The second trend that emerged from Rasmussen’s interviews with more than a dozen major companies with operations across the St. Louis region is focused on risk management. Risk management has always been a big part of any site selection project as companies strive to take risk out of the equation.

“Now, more than ever, companies are really going to want to have a great handle on where their people and where their assets are, and also, where their future pipeline of talent exists, and generally just being more compact and more focused geographically,” Rasmussen said.  “Supply chains are going to shorten, and the areas that are going to do well are the ones that really can effectively serve the world from one location.”

He believes that bodes well for the St. Louis region and its tremendously diverse ecosystem, where a global company can literally have its headquarters in one part of the region and then 20 to 30 miles away, their factory and/or distribution center.  Rasmussen said Bunge again is a perfect example of being able to service various aspects of the supply chain all from one metro area. Its new headquarters is located in Chesterfield, Missouri, a research and development center is located in St. Charles County, and its barge loading/grain facility is located in Fairmont City, Illinois.

Huvepharma is another company located in St. Louis that Rasmussen said also expanded and brought its regional headquarters to St. Louis, and it added some manufacturing facilities, citing the high quality of the utilities as one factor in its site selection.

World Wide Technology, with its headquarters in St. Louis County and very large warehouse distribution and industrial assets in Southwestern Illinois, also is a testament to the region’s ability to support multiple aspects of a single company and deliver the diverse workforce needed.

Rasmussen also touched on the region’s industrial heritage and how it adds value, highlighting the automotive business, steel industry, pharmaceuticals, consumer products and aerospace industries that have fostered the development of a very skilled workforce in the region. It also likely contributes to the strong culture of work that exists in the region, something Rasmussen said was mentioned by Cosmos, Component Bar Products in O’Fallon, Missouri, and Progressive Recovery in Dupo, Illinois. He also shared how that industrial heritage can translate into available and affordable capital assets that can be acquired and utilized less expensively than building them new. He pointed to Magnesium Elektron as a company which was able to occupy real estate and procure heavy industrial capital assets in Madison, Illinois, that allowed for it to stand up and grow a global business right out of that community.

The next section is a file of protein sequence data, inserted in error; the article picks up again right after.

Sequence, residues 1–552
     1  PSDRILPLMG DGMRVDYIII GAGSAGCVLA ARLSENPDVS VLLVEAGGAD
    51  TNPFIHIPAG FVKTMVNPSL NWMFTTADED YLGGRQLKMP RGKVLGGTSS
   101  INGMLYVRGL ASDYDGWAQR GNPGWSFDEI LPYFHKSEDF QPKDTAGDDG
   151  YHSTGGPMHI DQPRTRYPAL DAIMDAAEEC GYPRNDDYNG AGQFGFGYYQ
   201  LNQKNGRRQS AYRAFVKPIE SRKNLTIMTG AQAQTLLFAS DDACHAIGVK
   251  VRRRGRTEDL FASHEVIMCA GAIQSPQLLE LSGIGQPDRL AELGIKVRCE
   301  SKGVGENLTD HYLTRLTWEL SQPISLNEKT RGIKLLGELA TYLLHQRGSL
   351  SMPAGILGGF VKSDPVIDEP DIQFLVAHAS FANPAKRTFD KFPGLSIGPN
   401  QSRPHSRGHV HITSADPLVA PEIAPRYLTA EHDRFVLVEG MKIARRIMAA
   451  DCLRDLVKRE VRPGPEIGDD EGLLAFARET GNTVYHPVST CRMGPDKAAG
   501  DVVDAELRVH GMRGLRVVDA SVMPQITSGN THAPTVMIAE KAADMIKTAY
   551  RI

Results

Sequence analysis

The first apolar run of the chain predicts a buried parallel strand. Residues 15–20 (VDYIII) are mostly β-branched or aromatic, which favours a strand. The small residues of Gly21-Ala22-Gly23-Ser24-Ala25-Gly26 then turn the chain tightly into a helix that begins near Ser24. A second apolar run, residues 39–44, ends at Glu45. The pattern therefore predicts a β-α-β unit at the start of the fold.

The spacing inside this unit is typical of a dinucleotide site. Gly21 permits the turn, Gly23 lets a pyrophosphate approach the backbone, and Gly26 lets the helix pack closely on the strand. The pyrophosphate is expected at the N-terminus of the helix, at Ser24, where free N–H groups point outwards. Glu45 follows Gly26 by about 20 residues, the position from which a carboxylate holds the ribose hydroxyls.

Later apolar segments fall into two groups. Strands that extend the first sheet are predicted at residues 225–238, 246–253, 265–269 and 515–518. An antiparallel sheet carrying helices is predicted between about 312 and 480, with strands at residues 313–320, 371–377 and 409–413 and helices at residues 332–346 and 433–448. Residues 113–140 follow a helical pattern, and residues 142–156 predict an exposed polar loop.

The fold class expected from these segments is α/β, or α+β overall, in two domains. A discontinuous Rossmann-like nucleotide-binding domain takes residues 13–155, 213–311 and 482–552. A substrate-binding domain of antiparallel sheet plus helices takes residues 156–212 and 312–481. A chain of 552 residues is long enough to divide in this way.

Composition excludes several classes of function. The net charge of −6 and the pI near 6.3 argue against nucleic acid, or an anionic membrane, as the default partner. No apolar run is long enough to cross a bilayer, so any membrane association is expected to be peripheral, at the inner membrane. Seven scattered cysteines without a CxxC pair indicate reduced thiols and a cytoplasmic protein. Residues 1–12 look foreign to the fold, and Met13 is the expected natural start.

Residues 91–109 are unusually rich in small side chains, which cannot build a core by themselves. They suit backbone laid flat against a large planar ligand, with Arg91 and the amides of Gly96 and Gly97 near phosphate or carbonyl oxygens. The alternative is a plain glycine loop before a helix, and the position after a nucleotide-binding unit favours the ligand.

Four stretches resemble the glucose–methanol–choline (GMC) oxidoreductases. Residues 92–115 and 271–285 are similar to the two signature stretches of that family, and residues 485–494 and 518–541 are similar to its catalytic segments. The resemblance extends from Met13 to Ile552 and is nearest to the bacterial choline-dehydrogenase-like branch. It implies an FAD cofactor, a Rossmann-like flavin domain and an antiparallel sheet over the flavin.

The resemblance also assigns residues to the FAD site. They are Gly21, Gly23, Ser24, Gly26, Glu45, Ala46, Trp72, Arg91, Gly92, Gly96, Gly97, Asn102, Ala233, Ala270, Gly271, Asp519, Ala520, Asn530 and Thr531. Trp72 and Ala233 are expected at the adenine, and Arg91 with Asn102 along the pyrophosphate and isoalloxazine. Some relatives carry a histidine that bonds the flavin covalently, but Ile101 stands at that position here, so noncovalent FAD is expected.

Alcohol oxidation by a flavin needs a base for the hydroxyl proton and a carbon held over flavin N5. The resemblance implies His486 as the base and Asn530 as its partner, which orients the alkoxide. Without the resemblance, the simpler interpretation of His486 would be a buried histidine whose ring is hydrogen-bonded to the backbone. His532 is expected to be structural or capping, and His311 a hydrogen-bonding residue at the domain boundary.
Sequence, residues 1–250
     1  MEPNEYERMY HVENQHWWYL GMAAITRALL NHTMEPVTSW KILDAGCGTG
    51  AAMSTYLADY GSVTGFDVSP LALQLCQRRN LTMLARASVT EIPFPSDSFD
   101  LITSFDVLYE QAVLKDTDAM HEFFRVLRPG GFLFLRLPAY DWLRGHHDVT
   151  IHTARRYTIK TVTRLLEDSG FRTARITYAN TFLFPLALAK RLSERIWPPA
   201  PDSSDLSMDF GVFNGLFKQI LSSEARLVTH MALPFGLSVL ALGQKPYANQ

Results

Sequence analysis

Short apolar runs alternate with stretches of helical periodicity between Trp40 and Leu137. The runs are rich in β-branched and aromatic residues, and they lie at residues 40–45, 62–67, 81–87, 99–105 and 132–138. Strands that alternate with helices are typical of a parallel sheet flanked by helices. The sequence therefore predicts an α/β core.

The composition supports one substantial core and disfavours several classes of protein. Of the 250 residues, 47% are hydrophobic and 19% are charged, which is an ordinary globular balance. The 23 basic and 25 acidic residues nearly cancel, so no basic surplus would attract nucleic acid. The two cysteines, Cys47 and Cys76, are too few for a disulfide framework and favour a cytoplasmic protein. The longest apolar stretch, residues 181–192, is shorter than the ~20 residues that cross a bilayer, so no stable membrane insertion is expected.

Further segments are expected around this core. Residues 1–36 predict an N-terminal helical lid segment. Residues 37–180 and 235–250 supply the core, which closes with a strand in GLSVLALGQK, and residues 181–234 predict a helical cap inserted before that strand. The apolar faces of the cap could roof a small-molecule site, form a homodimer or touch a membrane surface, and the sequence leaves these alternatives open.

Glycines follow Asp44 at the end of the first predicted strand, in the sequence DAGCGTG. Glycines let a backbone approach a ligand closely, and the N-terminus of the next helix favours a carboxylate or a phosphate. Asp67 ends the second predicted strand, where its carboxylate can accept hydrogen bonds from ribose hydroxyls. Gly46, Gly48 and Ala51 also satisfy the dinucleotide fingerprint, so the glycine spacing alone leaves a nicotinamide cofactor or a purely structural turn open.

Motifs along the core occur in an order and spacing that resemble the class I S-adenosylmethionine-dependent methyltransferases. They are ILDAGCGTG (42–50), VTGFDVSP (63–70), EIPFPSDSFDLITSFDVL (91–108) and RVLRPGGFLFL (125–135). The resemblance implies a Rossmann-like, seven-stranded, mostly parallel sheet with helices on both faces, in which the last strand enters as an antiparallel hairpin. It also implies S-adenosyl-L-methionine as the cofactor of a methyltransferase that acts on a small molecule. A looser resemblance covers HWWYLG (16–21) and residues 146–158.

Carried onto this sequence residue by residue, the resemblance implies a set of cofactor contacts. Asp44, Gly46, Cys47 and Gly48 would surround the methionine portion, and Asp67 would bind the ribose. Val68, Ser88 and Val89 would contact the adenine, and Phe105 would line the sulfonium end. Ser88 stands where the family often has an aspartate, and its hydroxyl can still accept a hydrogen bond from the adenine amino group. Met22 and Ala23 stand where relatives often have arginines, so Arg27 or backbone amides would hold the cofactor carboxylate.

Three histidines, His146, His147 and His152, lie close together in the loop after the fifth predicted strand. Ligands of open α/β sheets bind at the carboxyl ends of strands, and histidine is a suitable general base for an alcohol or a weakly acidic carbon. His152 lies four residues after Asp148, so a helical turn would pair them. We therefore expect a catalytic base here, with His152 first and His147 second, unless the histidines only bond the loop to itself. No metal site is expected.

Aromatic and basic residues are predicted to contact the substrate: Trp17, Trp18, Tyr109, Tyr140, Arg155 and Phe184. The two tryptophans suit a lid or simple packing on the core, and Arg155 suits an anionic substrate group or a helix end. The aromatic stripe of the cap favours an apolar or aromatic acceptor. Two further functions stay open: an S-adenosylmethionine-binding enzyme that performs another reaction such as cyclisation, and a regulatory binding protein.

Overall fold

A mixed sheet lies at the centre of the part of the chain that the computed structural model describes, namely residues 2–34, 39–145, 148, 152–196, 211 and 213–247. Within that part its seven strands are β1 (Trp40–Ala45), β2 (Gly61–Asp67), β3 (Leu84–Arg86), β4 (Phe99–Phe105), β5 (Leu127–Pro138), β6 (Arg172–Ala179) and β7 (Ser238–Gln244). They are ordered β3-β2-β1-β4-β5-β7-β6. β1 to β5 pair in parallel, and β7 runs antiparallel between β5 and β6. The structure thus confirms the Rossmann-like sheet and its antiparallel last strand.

“Those industrial bloodlines and the fact that our communities aren’t afraid of industrial development and they're so supportive of that could be an opportunity for us as the supply chains and as the world kind of shrinks and becomes more regional in scope,” Rasmussen said.

While Rasmussen said the St. Louis area’s talented labor pool is supported by the region’s good educational system, the strength of its universities and its ability to import some workers from universities up to 250 miles from St. Louis, he and Lamie both said it is also the regionalism and cooperation among the local institutions, including trades programs, that enables them to all work collaboratively together so they are able to deliver the workforce the St. Louis region needs.  That is something that will be needed as the region works to address one shortcoming – building a pipeline of technical workers needed for continued growth. Rasmussen said as a region, there will be a need to continue to push vocational education, tech and manufacturing as a career. A positive sign on that front came from a couple of the companies interviewed by Rasmussen that said they have recently seen a culture shift where people in the region have increasingly become comfortable with the idea of manufacturing as a career. Rasmussen said something that could foster that trend would be to explore what economic incentives could be available for workforce development geared to manufacturing and technical careers.

He also stressed the need for an even more regional approach when pitching the region to site selectors, saying he would like to see more information exchanged and a broader understanding and collaboration about how certain parts of the region can support various parts of the supply chain versus others.

“I think that would bring more and more jobs and just more of a regional approach to economic development, because when you put it all together, the sum of this region is much greater than the individual parts of the sub-region,” Rasmussen said. “Areas that can present the entire menu and the entire platform and that are going to work together collaboratively to attract certain investments will win.”

In closing the video interview, Lamie said the conversation with Rasmussen answered a couple of key questions, including “Why the St. Louis region for site selection? And what makes us different from our sister cities?”

“The answer,” Lamie said, “is the St. Louis bi-state region can support one system or the entire supply chain from a company’s headquarters, research and development, warehousing and manufacturing to suppliers and logistics. We have the infrastructure, both vertical and horizontal, and the talent. Our workforce has a can-do attitude with a heritage of making things, enabling companies like World Wide Technology, Bunge, General Motors, Progressive Recovery and many others to compete in the global market, elevating our ranking as a global logistics hub. Our supply chain ecosystem is unique and has adapted to and stands ready for COVID-19 shifts in terms of shortened supply chains and a local workforce that supports each system of the supply chain.”